Length and Pacing in Games

The length of a game is always one of the first topics discussed when a new game comes out.  How long does it take to beat?  How long if you want to do all the extra stuff?  These questions are usually asked under the assumption that the more time it takes to get through a game, the better.  We gamers want the most bang for our buck, no matter what.  No other mass visual media really draws this question like games do.  We have an expectation that a movie is going to be between an hour-and-a-half and three hours.  A TV show lasts either thirty minutes or an hour.  Obviously the difference between games and these other mediums is that games can have such a wide range of lengths.  The differences in length between movies or shows seem rather minimal when contrasted with the wide variety of game lengths.  It’s not uncommon to see two hour video games and it’s not uncommon to see games that last hundreds of hours.

Even more interestingly, a game’s length can be estimated based on its genre, something that isn’t really done with movies or TV shows.  Roleplaying games are expected to last dozens, if not hundreds, of hours.  Shooters, on the other hand, aren’t likely to last more than a dozen hours.

Other variables also change the length of a game.  Because playing a game means a person has to exercise some sort of skill, the player’s ability to overcome the game’s challenges can make a game longer or shorter.  On top of that, a player’s interest in a game’s optional content can extend a game’s length by hours.  And then there are experiences that don’t have a definitive end like Call of Duty‘s multiplayer or Civilization V.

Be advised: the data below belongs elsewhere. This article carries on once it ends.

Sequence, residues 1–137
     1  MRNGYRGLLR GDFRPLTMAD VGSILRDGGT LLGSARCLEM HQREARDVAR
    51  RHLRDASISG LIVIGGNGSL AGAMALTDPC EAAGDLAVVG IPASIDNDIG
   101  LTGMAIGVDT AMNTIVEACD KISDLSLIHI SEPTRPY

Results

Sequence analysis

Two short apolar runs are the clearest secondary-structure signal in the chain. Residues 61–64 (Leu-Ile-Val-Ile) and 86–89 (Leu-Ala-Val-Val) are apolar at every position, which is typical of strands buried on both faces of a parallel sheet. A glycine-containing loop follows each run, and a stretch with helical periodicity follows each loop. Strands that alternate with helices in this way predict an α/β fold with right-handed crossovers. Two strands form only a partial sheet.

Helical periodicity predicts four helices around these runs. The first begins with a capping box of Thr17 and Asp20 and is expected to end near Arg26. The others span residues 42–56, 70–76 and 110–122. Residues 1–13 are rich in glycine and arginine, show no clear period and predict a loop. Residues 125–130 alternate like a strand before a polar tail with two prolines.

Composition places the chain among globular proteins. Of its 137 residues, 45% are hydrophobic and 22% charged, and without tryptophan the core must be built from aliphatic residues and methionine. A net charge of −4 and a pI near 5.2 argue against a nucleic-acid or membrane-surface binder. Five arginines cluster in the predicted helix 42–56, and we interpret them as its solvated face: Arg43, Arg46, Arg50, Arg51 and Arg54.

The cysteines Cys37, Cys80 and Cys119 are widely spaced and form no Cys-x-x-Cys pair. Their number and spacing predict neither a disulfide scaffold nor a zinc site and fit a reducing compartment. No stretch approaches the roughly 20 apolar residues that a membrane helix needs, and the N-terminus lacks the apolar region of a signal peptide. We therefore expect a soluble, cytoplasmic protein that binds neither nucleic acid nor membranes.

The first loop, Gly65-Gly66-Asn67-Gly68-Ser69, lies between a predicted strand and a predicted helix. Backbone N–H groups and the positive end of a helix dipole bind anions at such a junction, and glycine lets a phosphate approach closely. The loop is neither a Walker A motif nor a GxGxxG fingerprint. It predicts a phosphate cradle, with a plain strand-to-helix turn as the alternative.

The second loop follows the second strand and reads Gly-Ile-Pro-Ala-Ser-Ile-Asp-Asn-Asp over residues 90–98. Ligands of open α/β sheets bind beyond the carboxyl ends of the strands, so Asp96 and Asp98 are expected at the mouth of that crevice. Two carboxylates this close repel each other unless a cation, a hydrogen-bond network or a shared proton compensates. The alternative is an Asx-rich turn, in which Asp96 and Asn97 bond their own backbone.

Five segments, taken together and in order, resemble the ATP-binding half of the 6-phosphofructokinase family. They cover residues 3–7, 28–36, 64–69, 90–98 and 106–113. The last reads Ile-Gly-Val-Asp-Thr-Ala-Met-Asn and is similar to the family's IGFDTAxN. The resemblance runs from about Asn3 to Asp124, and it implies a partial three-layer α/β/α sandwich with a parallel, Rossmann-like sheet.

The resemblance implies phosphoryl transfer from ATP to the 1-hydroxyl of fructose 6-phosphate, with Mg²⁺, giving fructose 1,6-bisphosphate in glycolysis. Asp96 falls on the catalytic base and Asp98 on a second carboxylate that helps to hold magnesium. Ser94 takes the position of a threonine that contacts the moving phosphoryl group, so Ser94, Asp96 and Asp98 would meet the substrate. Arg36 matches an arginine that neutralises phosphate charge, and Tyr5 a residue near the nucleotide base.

Seriously this game doesn't end.  It just sucks you in and never lets go.

Seriously this game doesn’t end. It just sucks you in and never lets go.

Yet with all these factors, the question still comes up time and time again: “How long does it take to beat?”  Setting aside monetary concerns for a moment, is knowing the length of a game so important for enjoying its content?  I know I’ve encountered games where I keep expecting them to end, only to have them keep on going and going and going.  Other times, a game will end long before I expect it to.  In both cases, knowing how much longer I had in the game could drastically change the experience I had with it.  It might mean I set the game down, knowing I don’t want to put more time in it if the end is so far off, and it might mean that I’m better prepared for the game’s abrupt ending.

Ultimately, though, it comes down to pacing.  A game shouldn’t feel too long or too short if it’s paced appropriately.  The typical arc of a story is: we’re introduced to our characters, an incident occurs which creates a problem for them to resolve, the characters work to fix the problem encountering increasingly challenging obstacles, the heroes face their biggest challenge in the success/failure, live/die climax of the story, and then the tension is released and we see the ramifications of the story on our characters.